Types of commands
As you learn about Splunk SPL, you might hear the terms streaming, generating, transforming, orchestrating, and data processing used to describe the types of search commands. This topic explains what these terms mean and lists the commands that fall into each category.
There are six broad categorizations for almost all of the search commands:
- distributable streaming
- centralized streaming
- dataset processing
These categorizations are not mutually exclusive. Some commands fit into only one categorization. The
stats command is an example of a command that fits only into the transforming categorization. Other commands can fit into multiple categorizations. For example a command can be streaming and also generating.
For a complete list of commands that are in each type, see Command types in the Search Reference.
Streaming and non-streaming commands
A streaming command operates on each event as it is returned by a search. Essentially one event in and one (or no) event out.
For example, the
eval command can create a new field,
full_name, to contain the concatenation of the value in the
first_name field, a space, and the value in the
... | eval full_name = first_name." ".last_name
eval command evaluates each event without considering the other events.
A non-streaming command requires the events from all of the indexers before the command can operate on the entire set of events. Many transforming commands are non-streaming commands. There are also several commands that are not transforming commands but are also non-streaming. These non-transforming, non-streaming commands are most often dataset processing commands.
For example, before the
sort command can begin to sort the events, the entire set of events must be received by the
sort command. Other examples of non-streaming commands include
dedup (in some modes),
Non-streaming commands force the entire set of events to the search head. This requires a lot of data movement and a loss of parallelism.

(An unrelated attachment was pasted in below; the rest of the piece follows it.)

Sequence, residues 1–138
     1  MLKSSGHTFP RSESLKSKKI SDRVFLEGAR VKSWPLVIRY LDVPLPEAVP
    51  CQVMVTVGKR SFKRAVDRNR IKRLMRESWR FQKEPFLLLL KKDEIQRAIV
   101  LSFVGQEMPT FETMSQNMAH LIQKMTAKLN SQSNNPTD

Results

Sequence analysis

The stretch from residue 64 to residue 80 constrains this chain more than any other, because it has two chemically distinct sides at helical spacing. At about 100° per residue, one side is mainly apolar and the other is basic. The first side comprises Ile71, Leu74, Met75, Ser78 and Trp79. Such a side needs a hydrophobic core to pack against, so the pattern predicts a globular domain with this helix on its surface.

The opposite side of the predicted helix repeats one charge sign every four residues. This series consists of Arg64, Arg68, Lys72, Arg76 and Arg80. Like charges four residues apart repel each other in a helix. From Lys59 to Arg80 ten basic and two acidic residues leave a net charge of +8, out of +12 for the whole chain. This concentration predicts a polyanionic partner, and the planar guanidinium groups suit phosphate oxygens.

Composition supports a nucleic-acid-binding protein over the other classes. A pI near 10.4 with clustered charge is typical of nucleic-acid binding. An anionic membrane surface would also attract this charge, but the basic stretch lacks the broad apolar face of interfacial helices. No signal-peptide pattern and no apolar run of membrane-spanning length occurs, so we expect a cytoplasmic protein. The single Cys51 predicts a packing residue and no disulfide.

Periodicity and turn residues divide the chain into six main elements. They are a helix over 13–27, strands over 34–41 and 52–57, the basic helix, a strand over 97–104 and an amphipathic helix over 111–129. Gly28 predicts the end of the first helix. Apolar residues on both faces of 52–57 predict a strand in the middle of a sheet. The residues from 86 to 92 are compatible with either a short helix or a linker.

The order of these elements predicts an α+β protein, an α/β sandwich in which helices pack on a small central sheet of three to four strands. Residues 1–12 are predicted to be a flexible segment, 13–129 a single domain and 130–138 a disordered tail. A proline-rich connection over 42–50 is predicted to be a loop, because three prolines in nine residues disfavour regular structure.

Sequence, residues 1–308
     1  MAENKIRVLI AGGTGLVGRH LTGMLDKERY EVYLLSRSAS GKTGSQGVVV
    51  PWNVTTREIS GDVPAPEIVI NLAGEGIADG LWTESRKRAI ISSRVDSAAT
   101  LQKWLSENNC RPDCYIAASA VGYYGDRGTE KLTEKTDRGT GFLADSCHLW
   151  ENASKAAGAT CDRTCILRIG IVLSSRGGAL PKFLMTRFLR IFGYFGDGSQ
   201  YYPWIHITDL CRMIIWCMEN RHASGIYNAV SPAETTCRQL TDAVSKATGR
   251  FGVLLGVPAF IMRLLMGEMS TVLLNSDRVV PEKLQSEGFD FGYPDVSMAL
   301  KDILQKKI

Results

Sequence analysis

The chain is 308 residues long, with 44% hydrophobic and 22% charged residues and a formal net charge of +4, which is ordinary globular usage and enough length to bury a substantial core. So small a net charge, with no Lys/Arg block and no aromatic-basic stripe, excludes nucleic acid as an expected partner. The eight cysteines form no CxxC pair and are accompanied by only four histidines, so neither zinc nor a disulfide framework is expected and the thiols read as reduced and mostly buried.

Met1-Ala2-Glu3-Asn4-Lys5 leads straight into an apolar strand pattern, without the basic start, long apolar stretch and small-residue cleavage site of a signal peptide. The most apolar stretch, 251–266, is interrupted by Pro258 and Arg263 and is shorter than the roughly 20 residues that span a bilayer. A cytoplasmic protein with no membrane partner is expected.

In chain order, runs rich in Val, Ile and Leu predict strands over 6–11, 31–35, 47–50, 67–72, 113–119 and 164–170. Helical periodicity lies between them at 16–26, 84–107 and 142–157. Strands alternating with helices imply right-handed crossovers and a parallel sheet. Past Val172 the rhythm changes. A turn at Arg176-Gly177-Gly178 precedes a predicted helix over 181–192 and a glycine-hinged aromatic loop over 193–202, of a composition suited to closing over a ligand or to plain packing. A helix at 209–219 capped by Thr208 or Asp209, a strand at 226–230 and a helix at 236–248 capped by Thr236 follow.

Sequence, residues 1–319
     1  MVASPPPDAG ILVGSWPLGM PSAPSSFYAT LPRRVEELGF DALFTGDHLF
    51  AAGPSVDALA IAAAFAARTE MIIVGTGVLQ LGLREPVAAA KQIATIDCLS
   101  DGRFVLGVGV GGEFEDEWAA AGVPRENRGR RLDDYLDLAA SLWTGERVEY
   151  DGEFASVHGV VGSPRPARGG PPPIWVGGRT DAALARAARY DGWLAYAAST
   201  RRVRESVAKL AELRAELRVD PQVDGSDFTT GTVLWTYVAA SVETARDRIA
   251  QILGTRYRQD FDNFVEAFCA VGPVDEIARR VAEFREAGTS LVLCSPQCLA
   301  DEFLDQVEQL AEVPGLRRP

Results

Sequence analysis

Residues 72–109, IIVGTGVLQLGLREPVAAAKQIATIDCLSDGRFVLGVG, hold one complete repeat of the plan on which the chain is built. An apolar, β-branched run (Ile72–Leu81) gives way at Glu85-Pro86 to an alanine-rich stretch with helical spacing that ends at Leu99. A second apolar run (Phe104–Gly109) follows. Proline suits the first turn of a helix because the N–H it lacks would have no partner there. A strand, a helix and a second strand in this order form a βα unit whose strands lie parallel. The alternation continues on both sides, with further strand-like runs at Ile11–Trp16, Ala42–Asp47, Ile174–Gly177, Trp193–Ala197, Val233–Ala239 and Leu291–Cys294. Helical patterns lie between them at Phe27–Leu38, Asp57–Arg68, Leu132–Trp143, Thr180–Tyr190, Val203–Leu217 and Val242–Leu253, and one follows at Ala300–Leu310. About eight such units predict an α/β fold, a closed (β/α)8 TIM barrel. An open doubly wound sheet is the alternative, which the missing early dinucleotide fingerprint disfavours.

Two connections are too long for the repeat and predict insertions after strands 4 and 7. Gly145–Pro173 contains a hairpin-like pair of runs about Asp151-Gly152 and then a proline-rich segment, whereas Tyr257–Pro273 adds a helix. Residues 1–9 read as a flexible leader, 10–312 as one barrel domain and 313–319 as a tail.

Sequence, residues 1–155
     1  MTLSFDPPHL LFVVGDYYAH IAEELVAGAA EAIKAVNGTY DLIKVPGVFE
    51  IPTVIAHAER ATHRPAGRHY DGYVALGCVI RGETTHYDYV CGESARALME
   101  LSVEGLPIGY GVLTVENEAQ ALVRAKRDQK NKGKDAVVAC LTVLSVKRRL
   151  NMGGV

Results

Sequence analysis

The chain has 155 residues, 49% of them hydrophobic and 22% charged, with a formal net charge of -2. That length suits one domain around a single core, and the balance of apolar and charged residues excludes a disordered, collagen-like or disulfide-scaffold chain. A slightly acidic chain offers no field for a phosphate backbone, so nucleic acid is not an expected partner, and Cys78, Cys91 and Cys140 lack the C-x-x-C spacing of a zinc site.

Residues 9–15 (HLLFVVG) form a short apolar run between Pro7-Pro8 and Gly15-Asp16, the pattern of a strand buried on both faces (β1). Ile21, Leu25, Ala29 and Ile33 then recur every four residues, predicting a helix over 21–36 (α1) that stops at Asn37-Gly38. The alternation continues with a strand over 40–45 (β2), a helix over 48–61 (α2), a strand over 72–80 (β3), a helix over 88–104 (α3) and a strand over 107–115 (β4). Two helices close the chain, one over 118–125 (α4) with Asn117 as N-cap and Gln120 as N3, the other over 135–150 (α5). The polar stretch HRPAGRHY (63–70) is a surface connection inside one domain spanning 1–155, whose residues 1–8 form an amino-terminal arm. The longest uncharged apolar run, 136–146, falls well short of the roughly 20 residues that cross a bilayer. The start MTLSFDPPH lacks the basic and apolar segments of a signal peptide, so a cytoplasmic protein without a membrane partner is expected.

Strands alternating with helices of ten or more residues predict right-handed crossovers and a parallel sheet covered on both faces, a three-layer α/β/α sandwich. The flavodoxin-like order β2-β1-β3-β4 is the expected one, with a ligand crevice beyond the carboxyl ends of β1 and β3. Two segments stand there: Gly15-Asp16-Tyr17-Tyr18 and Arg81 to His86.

For information on how to mitigate the cost of non-streaming commands, see Write better searches in this manual.
The following table describes the processing differences between some of the types of commands.
|Distributable streaming||Centralized streaming||Data processing (non-streaming)||Transforming|
|Can run on indexers||Y||N||N||N|
|Can output before final input||Y||Y||N||N|
|Outputs events if inputs are events||Y||Y||Y||N|
When a command is run it outputs either events or results, based on the type of command. For example, when you run the
sort command, the input is events and the output is events in the sort order you specify. However, transforming commands do not output events. Transforming commands output results. For example the
stats command outputs a table of calculated results. The events used to calculate those results are no longer available. After you run a transforming command, you can't run a command that expects events as an input.
Data processing commands are non-streaming commands that require the entire dataset before the command can run. These commands are not transforming, not distributable, not streaming, and not orchestrating. The
sort command is an example of a data processing command. See Data processing commands.
A streaming command operates on each event returned by a search. For distributable streaming, the order of the events does not matter. A distributable streaming command is a command that can be run on the indexer, which improves processing time. The other commands in a search determine if the distributable streaming command is run on the indexer:
- If all of the commands before the distributable streaming command can be run on the indexer, the distributable streaming command is run on the indexer.
- If any one of the commands before the distributable streaming command must be run on the search head, the remaining commands in the search must be run on the search head. When the search processing moves to the search head, it can't be moved back to the indexer.